Poster Session
Issue Date: July 2015
Published Online: July 01, 2015
Updated: April 30, 2020
Evaluation of a One-Week, Occupation-Based Program on the Health and Participation of Women With Cancer
Author Affiliations
  • University of the Sciences in Philadelphia
  • Temple University
Article Information
Health and Wellness / Prevention and Intervention
Poster Session   |   July 01, 2015
Evaluation of a One-Week, Occupation-Based Program on the Health and Participation of Women With Cancer
American Journal of Occupational Therapy, July 2015, Vol. 69, 6911515157.
American Journal of Occupational Therapy, July 2015, Vol. 69, 6911515157.

Date Presented 4/17/2015

This study investigated the effectiveness of a 1-wk, occupation-based program on functional performance of women diagnosed with cancer. Results demonstrate that participation in occupations improves the perception of performance and satisfaction for the participants.

SIGNIFICANCE/BACKGROUND: Improvements with early detection and medical treatments have led to women with cancer living longer in the community. However, there are limited services that help these women reengage in occupations when they are in treatment or on completion of treatment. The demand to provide services for this growing population of cancer survivors is becoming a national concern and requires occupational therapists (OTs) to address their multifaceted needs. The purpose of this research study was to engage women diagnosed with cancer in activities that have a physical, social, and emotional impact. This intervention is expected to improve the long-term quality of life of women with cancer.
INNOVATION: Camp-based approaches have been used with children with cancer, and the positive outcomes have been significant in terms of physical, emotional, and social well-being—mainly due to a nonhospital environment, interaction with individuals with similar experiences, and continuous daily interaction. However, this approach has never been tested in adults. This program was developed using extensive literature and an approach of immersing women diagnosed with cancer in activities to help them realize that they are still capable of engaging in all activities that are meaningful to them.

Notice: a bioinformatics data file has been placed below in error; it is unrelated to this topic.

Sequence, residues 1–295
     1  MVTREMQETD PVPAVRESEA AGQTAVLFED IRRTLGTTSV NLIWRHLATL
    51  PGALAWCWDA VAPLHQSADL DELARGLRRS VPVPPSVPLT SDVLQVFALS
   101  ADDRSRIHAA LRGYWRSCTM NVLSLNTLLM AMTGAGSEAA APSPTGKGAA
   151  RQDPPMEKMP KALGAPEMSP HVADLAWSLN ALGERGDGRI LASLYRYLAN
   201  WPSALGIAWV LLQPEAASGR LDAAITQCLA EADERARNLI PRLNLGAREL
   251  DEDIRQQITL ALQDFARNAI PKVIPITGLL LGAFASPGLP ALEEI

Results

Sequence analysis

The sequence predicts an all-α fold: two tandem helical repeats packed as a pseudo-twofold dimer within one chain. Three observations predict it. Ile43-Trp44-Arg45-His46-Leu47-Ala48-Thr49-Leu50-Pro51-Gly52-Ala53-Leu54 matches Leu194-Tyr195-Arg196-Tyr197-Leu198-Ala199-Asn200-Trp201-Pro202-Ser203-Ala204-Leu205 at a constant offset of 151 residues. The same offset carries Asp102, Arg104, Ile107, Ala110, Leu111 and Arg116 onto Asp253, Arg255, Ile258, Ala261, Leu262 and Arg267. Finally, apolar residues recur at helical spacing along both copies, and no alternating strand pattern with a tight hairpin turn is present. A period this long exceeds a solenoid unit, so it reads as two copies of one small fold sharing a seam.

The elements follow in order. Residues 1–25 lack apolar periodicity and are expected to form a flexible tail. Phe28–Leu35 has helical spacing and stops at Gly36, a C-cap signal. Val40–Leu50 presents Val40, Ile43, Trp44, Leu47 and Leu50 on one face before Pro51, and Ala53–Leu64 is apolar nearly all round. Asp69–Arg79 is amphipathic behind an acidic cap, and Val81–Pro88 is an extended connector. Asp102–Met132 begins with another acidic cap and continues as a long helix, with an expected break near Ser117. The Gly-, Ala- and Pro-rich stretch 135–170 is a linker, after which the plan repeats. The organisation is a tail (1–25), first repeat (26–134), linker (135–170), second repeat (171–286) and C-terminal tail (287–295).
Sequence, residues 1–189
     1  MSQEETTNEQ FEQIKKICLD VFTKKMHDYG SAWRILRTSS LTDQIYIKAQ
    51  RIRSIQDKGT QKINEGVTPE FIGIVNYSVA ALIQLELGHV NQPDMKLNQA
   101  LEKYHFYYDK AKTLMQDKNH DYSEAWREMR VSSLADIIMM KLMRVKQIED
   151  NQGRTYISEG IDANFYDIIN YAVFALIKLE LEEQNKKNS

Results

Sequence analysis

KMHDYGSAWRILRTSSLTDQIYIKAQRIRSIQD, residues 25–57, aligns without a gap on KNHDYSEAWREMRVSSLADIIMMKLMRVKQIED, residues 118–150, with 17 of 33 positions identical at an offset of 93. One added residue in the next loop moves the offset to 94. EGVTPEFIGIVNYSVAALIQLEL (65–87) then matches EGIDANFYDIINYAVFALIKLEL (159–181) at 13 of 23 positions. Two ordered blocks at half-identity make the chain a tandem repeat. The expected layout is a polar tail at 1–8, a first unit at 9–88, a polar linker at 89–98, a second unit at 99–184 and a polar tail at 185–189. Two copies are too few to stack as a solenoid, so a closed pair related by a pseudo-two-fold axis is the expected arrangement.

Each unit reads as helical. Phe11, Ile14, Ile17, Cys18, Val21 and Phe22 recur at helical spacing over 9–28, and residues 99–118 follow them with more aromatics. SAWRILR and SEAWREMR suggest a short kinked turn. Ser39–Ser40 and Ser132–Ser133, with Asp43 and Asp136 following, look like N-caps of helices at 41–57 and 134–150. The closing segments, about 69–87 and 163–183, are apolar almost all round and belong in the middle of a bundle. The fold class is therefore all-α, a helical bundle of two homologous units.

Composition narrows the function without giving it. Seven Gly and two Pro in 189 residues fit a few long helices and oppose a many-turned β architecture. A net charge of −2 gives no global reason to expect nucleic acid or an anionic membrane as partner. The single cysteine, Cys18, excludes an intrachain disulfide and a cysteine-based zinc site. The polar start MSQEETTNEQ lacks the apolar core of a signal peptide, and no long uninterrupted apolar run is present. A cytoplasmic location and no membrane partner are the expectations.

This study attempted to answer the following research question: Does engagement in occupations through a 1-wk, occupation-based program improve the health and participation of women diagnosed with cancer?
METHOD: Eight 1-wk, occupation-based camps were conducted to target women diagnosed with cancer. Participants were obtained through advertising at community-based cancer programs. A pretest–posttest, repeated-measures design was used. Prior to the start of the program, participants completed the Short Form—36 (SF–36), the World Health Organization Quality of Life—BREF (WHOQOL–BREF), and the Canadian Occupational Performance Measure (COPM). The program spanned 5 days from 9 a.m. to 1 p.m. daily with four to five activities, including dance, meditation, gardening, arts, craft, healthy cooking, exercise, and poetry. A follow-up meeting was held 6 wk after completion of the program, and participants completed the three assessments again.
RESULTS: A total of 51 clients were recruited. The clients ranged in diversity, with age ranges from 27 to 70 yr, socioeconomic strata from low to high, and different ethnicities. Paired sample t tests were conducted to measure differences in assessment scores before the start of the program and 6 wk after the program. In the COPM, in both the areas of performance and satisfaction, a significant difference was obtained in the scores before and 6 wk after completion (p < .001). For the SF–36 and the WHOQOL–BREF, there were no significant differences before and after the program.
CONCLUSION: The results of this study establish that participation in an occupation-focused program improves the clients’ perceptions of their performance and satisfaction. However, it also indicates that outcome measures need to be chosen carefully for community-based health and wellness programs. The study had a limited number of participants; however, the initial results highlight the value of this programming for women living in the community who have gone through a life-changing diagnosis and may not have reengaged in their occupational roles on completion of treatment.
American Cancer Society. (2012). Breast cancer facts and figures: 2011–2012. Retrieved from
Hvizdala, E., Miale, T. D., & Barnard, P. J. (1978). A summer camp for children with cancer. Medical and Pediatric Oncology, 4, 71–75.